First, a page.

GUN

continues from page 1 of the Texas Legislature, said. Greenberg also said the biggest debates concern magazine size, and the fact guns can be purchased at gun shows without a background check. “If you can even prohibit a few people — who may not be of sound mind — from getting these guns and committing atrocities, then you have helped,” Greenberg said.

crisis, and it was the moment that made her a national figure. “She could play it big and she could play it small,” Sherman said. “She was criticized by many African-American groups because she did play with the guys and made it known that she seemed to have been forgotten by our founding fathers in the writing of the constitution.” Friedholm said she met Jordan in the hallway of the LBJ School and was asked to be her teaching assistant by the dean. “She was extremely serious about teaching,” Friedholm said. “Knowing how important of a person she was and how famous she was, I think people might have been surprised at how worried she was about being a good teacher.” Jordan is the first AfricanAmerican to be buried in the Texas State Cemetery. Sherman said her tombstone today says the word “teacher.” “When she was very close to passing away, she asked me two favors,” Sherman said. “One was to make sure that they didn’t cancel her liberal ethics class after she was gone and the second was to bury her on the highest hill in the Texas State Cemetery next to Stephen F. Austin — and I made darn sure it happened.” Greenberg said the issue of doctor/patient confidentiality complicates regulation regarding individuals who have mental health issues. Greenberg said many of the recent mass shootings occurred after signals of the shooter’s ill health were noted but not acted upon. “From a public policy standpoint, I think that we need to do more in the United States,” Greenberg said. “Get people the health care they need when it comes to mental health.”


SPTS 7

Sports 7

Tuesday, February 19, 2013

Christian Corona, Sports Editor

MEN’S SWIMMING & DIVING

Chandler battles Crohn’s

SIDELINE NCAAB WEST VIRGINIA

By Rachel Wenzlaff After his dominating performances against TCU and Arizona, redshirt sophomore Will Chandler gained recognition from the Big 12 as the Men’s Diver of the Week last Wednesday. Despite it being the third time Chandler has received the award, this time holds a special significance: it was his first Big 12 Men’s Diver of the Week honor since coming back from Crohn’s disease. Chandler was diagnosed with Crohn’s, a chronic inflammatory condition of the gastrointestinal tract, at age 12. However, it wasn’t until his sophomore year in college, in the middle of his development as a serious diver, that the disease became severe enough to require surgery. “I had six feet of my large intestine removed,” Chandler recalled. “I lost like 20 pounds in the hospital, and that’s really important, because if you’re a little twig on the diving board, the board isn’t going to go anywhere when you jump on it.” But diving coach Matt Scoggin wasn’t concerned with Chandler’s weight loss affecting his diving abilities. He was solely concerned with how it would affect his health. “Sports took a back seat,” Scoggin said. “I was only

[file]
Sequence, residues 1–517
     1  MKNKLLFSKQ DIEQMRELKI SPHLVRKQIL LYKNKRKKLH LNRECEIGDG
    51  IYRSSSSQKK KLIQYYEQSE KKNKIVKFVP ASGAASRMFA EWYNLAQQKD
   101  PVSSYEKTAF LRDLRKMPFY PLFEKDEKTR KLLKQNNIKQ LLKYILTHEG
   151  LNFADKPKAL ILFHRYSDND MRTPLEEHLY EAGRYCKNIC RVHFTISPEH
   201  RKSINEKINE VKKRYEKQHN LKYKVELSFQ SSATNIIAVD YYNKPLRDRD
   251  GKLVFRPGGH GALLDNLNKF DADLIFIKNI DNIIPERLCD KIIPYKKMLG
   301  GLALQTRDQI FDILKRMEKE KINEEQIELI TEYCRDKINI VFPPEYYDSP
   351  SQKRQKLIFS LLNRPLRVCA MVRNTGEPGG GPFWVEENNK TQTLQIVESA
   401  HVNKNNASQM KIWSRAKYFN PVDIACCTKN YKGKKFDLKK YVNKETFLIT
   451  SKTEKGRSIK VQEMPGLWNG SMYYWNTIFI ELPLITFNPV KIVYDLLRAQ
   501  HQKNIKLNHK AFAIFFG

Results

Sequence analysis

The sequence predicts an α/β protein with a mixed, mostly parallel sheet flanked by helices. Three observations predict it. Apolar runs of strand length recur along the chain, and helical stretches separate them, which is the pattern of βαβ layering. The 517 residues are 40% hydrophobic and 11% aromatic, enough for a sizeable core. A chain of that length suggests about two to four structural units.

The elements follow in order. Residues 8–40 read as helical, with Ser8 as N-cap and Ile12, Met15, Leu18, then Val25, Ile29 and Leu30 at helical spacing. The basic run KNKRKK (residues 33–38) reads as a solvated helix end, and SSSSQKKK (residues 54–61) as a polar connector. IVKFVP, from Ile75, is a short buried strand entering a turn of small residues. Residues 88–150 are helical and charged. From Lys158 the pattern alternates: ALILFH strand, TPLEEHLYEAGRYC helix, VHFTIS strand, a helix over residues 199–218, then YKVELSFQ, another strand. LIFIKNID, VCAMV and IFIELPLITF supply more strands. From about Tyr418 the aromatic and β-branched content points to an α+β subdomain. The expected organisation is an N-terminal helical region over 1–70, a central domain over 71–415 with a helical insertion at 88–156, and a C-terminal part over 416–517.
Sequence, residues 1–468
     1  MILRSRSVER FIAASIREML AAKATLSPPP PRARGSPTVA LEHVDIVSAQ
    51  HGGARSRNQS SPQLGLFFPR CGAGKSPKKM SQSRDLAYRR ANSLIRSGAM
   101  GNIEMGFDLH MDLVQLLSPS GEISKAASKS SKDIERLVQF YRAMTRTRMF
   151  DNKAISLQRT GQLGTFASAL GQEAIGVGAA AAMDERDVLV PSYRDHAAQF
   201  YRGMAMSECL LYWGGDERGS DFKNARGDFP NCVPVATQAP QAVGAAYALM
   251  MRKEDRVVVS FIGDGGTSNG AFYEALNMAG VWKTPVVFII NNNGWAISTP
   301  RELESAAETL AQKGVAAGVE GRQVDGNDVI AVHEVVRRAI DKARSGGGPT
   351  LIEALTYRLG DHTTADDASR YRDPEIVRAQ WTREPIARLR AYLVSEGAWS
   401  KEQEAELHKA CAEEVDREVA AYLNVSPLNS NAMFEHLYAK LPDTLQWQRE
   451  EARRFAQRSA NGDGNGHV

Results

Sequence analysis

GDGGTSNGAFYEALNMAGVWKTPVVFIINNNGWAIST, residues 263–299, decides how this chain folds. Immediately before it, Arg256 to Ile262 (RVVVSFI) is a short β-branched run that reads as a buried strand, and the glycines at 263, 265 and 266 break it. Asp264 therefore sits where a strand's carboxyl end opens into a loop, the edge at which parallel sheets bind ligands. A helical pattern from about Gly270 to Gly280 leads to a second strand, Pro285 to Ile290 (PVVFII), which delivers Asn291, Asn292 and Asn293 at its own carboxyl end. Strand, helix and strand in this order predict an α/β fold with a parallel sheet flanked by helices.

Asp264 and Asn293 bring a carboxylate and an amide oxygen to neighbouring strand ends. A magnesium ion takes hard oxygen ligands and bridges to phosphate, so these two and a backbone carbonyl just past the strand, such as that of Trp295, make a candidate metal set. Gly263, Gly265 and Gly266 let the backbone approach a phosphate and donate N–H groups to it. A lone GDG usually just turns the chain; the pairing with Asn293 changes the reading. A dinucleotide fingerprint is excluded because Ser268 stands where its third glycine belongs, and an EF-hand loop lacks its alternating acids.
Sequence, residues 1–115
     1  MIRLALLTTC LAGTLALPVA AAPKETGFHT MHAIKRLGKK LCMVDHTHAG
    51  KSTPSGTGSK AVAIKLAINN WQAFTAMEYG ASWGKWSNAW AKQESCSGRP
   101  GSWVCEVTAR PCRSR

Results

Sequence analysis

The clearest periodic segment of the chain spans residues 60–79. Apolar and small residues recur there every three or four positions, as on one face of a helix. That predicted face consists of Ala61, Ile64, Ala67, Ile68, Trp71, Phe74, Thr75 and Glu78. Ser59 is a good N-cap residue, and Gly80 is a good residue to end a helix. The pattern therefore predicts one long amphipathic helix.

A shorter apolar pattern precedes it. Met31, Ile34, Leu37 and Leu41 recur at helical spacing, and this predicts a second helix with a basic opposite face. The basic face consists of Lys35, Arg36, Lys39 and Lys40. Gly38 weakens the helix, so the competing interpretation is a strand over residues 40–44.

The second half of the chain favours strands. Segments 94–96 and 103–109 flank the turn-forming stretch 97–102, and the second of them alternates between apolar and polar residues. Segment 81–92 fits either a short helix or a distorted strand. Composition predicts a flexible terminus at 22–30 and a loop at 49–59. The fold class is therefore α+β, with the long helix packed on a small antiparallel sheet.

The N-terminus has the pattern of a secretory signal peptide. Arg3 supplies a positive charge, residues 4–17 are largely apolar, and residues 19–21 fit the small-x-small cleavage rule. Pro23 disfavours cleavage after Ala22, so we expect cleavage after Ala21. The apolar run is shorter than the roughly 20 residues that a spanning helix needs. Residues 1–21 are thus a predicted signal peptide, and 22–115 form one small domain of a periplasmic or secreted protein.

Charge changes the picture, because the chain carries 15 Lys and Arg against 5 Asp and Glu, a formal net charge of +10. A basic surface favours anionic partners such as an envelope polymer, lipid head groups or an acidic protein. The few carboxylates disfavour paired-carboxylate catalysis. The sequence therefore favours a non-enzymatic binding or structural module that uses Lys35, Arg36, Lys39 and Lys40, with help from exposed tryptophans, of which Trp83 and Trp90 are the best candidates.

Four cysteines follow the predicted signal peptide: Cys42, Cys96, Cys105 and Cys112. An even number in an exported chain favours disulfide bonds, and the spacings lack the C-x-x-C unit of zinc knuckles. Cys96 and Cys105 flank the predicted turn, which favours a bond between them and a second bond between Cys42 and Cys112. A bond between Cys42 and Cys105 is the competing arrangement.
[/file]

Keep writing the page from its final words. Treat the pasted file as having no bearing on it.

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Courtesy of Texas Athletics Redshirt sophmore Will Chandler was named Big 12 Diver of the Week last Wednesday, his first honor since returning from a bout with Crohn’s Disease. Even with a possibility of the disease returning, Chandler continues to remain poised in and out of the pool.

concerned with Will progressing to complete health and managing the disease.” Chandler’s diving may have been pushed to the back burner, but the diving team stepped up to support Chandler during his 24-day stay at the hospital. “I saw a teammate in the hospital every day I was there,” Chandler said. “Matt came to the hospital three to five times. He

brought me diving videos to watch so I could still stay in the mindset. That was really my strength.” The struggle didn’t end when Chandler was released from the hospital. He had been out of the pool for about four months and lost a significant amount of muscle. “It definitely plays a role in the back of your mind,” Chandler said. “When I do come back, am I going to

be able to be as good or as strong as I was before?” However, there is one haunting factor standing between Chandler and a successful career: the potential that Crohn’s disease will return. Crohn’s is characterized by spontaneous flare-ups that could knock Chandler back to the beginning stages of the recovery process. Chandler acknowledges

this possibility, but is hopeful the surgery, his medicine and diet will be enough to keep him healthy. “There is definitely a chance it can come back,” Chandler said. “But before, I was really stubborn about it. Whenever I felt sick, I didn’t tell anybody, and that’s what made me so sick. Now I talk to my

DIVER continues on page 8

MEN’S BASKETBALL

With Kabongo back, Horns still in slump By Wes Maulsby Daily Texan Columnist